Legalities United Kingdom
by Record RecordRecord on Monday, September 20, 2010
We have set our own case law on all this by using our recordings both in personl and on the phone without third parties knowledge and had it accepted in court!
The law is NOT absolute and if you stand up in court and say “I have… a recording here showing this person is lying or has committed an offence or wrong doing” the court will be very hard pushed to disallow it, especially as we have already had it accepted in our cases and you can all quote them cases!
Remember the law is NOT absolute and others have already done it before you, which gives YOU the power to quote our cases should you have any problems getting your recordings in court or be threatened in any way by social services or CAFCASS etc!!
Section 36 of the Data Protection Act:
Personal data processed by an individual only for the purposes of that individual’s personal, family or household affairs (including recreational purposes) are exempt from the data… protection principles and the provisions of Parts II and III.
That includes personal recording devices which you are also entitled by common Law (re self protection) to operate. http://www.ico.gov.uk/upload/documents/library/freedom_of_information/detailed_specialist_guides/section_36_practicalities_v1.pdf … ;
There are also directives under the ECHR which permits you to.
Legality of recording at home:-
Whilst Ofcom says that when recording calls at work every reasonable effort should be made to inform all parties to a call that it may or will be recorded, silently monitored or intruded into, the latest information from them for recording at home is different.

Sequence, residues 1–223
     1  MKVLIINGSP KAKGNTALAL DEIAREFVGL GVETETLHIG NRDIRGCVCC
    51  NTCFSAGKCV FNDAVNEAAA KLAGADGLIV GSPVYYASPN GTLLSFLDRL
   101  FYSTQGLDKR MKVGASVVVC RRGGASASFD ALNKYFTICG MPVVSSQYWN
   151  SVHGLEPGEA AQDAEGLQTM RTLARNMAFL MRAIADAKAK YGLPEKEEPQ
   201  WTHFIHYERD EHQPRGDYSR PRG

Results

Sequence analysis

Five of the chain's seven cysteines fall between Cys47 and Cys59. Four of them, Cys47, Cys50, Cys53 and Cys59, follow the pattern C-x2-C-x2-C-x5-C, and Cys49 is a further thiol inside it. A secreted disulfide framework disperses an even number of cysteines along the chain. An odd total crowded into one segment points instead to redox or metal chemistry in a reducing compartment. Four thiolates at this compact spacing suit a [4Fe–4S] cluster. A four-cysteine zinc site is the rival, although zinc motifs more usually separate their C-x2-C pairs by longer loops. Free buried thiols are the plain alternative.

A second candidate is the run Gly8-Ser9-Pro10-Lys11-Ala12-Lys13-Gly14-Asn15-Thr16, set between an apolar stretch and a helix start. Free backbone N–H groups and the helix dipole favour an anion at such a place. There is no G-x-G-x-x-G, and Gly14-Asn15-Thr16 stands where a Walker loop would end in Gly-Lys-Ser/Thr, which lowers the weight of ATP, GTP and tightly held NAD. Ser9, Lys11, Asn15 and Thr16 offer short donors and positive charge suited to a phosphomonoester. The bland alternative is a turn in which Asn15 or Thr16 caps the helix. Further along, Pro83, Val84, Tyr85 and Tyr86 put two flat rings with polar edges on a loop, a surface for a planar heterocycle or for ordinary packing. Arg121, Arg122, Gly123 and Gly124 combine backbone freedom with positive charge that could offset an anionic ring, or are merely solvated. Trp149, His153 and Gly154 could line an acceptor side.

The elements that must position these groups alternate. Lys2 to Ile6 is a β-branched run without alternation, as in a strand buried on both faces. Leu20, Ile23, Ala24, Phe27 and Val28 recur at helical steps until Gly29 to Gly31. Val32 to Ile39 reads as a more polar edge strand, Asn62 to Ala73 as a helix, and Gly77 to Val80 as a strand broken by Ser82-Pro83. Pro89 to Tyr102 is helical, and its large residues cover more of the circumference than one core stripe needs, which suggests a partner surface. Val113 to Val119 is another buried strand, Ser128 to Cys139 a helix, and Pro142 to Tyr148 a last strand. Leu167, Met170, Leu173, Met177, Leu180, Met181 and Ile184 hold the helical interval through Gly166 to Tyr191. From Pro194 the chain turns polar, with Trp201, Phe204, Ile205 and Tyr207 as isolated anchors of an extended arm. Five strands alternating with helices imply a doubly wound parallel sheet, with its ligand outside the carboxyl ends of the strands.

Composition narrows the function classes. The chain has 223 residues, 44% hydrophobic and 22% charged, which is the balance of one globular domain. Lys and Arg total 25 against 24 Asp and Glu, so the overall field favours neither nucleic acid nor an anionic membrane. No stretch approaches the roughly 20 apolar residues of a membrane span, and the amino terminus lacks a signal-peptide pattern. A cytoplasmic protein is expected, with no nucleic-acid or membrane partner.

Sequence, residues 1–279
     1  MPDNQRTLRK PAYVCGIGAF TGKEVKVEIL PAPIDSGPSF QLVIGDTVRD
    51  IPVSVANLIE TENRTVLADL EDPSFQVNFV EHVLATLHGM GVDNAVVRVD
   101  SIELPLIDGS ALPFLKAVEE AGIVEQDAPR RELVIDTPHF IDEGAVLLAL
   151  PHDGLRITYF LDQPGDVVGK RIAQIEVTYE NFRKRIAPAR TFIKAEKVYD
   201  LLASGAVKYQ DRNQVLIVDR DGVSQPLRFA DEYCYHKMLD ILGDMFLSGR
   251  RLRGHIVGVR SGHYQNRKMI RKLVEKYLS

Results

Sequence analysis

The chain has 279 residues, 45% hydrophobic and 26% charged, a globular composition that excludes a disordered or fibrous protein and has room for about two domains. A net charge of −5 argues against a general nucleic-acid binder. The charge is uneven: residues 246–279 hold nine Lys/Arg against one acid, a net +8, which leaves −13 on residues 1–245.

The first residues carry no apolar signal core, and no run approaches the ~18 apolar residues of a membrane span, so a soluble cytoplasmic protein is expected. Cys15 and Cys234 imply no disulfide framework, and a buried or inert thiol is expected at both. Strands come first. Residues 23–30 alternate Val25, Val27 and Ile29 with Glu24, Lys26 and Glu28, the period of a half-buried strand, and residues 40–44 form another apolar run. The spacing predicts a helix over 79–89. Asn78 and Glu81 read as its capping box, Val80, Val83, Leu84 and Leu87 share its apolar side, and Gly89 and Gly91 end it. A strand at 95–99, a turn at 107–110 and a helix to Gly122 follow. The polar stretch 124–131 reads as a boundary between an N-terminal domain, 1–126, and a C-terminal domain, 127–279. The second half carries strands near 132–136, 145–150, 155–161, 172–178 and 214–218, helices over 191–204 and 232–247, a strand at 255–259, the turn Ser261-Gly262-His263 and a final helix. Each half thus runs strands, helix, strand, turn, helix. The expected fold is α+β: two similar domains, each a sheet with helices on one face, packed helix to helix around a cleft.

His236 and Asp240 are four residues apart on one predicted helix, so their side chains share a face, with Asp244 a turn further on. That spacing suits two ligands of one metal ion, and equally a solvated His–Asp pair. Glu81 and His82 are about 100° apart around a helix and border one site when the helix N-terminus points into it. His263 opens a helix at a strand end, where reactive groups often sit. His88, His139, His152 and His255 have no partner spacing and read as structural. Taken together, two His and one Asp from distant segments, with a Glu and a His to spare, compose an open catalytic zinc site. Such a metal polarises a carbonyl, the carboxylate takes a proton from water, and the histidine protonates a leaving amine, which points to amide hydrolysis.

The following information is taken verbatim from Ofcom’s website:Recording and monitoring telephone calls or e-mails
A general overview of interception, recording and monitoring of communications
The interception, recording and monitoring of telephone calls is governed by a number of different pieces of UK legislation.
The requirements of all relevant legislation must be complied with.
The main ones are:
Regulation of Investigatory Powers Act 2000 (“RIPA”)Telecommunications (Lawful Business Practice)(Interception of Communications) Regulations 2000 (“LBP Regulations”)Data Protection Act 1998Telecommunications (Data Protection and Privacy) Regulations 1999, Human Rights Act 1998
It is not possible to provide comprehensive detail of that legislation here.
Any person considering interception, recording or monitoring of telephone calls or e-mails is strongly advised to seek his/her own independent legal advice and should not seek to rely on the general information provided below.
It should be borne in mind that criminal offences and civil actions may occur when the relevant legislation is not complied with.
Accordingly, Ofcom accepts no liability for reliance by any person on the following information.
Can I record telephone conversations on my home phone? Yes.
The relevant law, RIPA, does not prohibit individuals from recording their own communications provided that the recording is for their own use. Recording or monitoring are only prohibited where some of the contents of the communication – which can be a phone conversation or an e-mail – are made available to a third party,